With Davante Adams nursing a toe injury last week, Valdes-Scantling was in a perfect position to break out.
Instead, he had one catch on four targets for 18 yards. The Packers had 34 points, but Aaron Rodgers’ WR1 had just 2.8 fantasy points. Four targets marked a new season-low for Valdes-Scantling. However, the 106 air yards he accumulated show that his targets were high-value opportunities that he simply failed to convert.
Adams’ status for Week 6 is up in the air, but Valdes-Scantling is a buy candidate regardless of his availability. After opening the season with a below-average schedule for wide receivers, Green Bay has the fourth-easiest over the next month, including two prime matchups in Weeks 7 and 8.
The second-year man out of South Florida is quietly on a 102-target pace, and his targets are worth more than average given his average depth of target (14.1 yards) and the quality of the quarterback throwing him the ball.
Running Backs – Weeks 6 through 9
Gordon’s much-anticipated return to the gridiron didn’t go as well as many fantasy owners were hoping, as the star running back was only able to tally 38 total yards despite seeing 16 touches. Despite the lack of production, his usage — especially in the passing game — demonstrates the upside he has moving forward. Austin Ekeler stole the show with 15 receptions, but Gordon still saw six targets, indicating that the Chargers still plan to use him in all facets of the game even though Ekeler flashed his receiving prowess during Gordon’s holdout. The schedule isn’t getting any easier — in fact, Los Angeles has the most-difficult schedule for running backs over the next month — but it could be your last chance to get a bona fide RB1 at a discount if the Gordon owner in your league is concerned about the Gordon-Ekeler split. The truth is, both of them can be fantasy-viable, especially considering how involved they both were in the passing game on Sunday.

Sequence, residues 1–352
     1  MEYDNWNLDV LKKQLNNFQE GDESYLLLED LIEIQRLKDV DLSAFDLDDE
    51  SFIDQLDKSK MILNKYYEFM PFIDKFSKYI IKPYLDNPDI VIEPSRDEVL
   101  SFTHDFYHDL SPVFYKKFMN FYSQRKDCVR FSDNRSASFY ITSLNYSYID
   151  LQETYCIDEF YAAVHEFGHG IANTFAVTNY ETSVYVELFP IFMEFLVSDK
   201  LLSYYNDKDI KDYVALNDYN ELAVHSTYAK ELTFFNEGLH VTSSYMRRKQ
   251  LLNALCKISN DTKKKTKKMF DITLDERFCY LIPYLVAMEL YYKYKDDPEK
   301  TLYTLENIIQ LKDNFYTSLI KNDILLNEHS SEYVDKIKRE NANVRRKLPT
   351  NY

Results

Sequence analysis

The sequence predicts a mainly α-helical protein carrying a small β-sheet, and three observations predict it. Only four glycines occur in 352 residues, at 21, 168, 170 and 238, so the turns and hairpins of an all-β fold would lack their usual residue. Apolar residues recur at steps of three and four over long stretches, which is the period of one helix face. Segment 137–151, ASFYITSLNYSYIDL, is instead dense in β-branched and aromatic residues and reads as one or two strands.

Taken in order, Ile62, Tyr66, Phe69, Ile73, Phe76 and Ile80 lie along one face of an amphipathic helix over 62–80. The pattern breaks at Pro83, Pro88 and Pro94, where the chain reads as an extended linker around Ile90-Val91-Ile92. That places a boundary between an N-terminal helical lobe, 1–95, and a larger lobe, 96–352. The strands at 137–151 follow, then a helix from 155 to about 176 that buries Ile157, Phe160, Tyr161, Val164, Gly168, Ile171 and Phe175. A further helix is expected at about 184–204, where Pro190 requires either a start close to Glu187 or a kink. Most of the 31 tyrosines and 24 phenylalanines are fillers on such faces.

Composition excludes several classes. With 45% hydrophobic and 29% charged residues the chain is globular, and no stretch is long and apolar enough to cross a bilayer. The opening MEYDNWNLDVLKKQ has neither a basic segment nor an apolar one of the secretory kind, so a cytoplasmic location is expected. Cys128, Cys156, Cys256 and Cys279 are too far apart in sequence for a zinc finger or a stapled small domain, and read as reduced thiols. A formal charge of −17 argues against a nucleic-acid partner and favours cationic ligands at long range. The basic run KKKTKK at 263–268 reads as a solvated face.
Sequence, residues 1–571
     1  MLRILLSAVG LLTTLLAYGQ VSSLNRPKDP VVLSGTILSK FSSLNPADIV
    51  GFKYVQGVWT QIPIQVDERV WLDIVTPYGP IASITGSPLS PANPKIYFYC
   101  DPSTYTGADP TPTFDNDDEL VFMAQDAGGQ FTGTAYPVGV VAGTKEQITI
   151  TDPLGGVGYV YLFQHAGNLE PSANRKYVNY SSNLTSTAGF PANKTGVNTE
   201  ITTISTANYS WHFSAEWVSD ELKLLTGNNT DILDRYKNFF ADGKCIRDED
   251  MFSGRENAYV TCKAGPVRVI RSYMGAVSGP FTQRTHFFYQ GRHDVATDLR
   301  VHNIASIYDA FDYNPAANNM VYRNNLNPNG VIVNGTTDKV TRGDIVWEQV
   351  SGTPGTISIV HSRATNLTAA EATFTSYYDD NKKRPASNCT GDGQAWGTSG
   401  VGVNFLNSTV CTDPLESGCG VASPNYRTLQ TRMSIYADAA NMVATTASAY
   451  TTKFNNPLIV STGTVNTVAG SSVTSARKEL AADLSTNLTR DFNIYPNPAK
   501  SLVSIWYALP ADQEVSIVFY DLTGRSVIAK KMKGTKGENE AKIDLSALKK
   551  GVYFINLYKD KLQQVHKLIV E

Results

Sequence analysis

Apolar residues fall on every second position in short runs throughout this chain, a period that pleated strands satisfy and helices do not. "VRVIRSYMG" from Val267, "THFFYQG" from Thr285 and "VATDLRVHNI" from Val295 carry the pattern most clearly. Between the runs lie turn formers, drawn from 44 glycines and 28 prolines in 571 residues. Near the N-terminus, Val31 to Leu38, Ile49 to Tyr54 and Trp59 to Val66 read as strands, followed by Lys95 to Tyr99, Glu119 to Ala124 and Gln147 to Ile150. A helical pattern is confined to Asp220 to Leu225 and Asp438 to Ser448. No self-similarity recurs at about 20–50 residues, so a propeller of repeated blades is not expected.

Bottom line: Gordon finished 12th among running backs in expected fantasy points last week but ranked 40th in actual fantasy points. He had the most fantasy points below expectation of any running back in the league in Week 5. He’s a buy despite the brutal upcoming schedule.
After five weeks, Thompson ranks 16th among running backs in expected fantasy points and 37th in actual fantasy points. It shouldn’t be a surprise that he is scoring fewer fantasy points than expected — Washington’s offense is so bad that Thompson probably won’t score as many touchdowns as his volume would imply — but the magnitude of that discrepancy is noteworthy. Thompson’s 35 targets rank third among the position, and the fact that he’s getting such high-value opportunities — running back targets are worth 2.74 times as much as carries — means you shouldn’t worry about him having only 55 touches through five weeks. Washington has a slightly above-average schedule for running backs over the next month, but the best matchup for Thompson is one in which Washington is facing a negative game script. Washington is actually favored in Week 6 against the Dolphins, but they should be underdogs in the majority of their games after that, giving Thompson the opportunity to gobble up targets.
Thanks for reading the Week 6 edition of the Buy Low Report. Check back next week for the Week 7 article.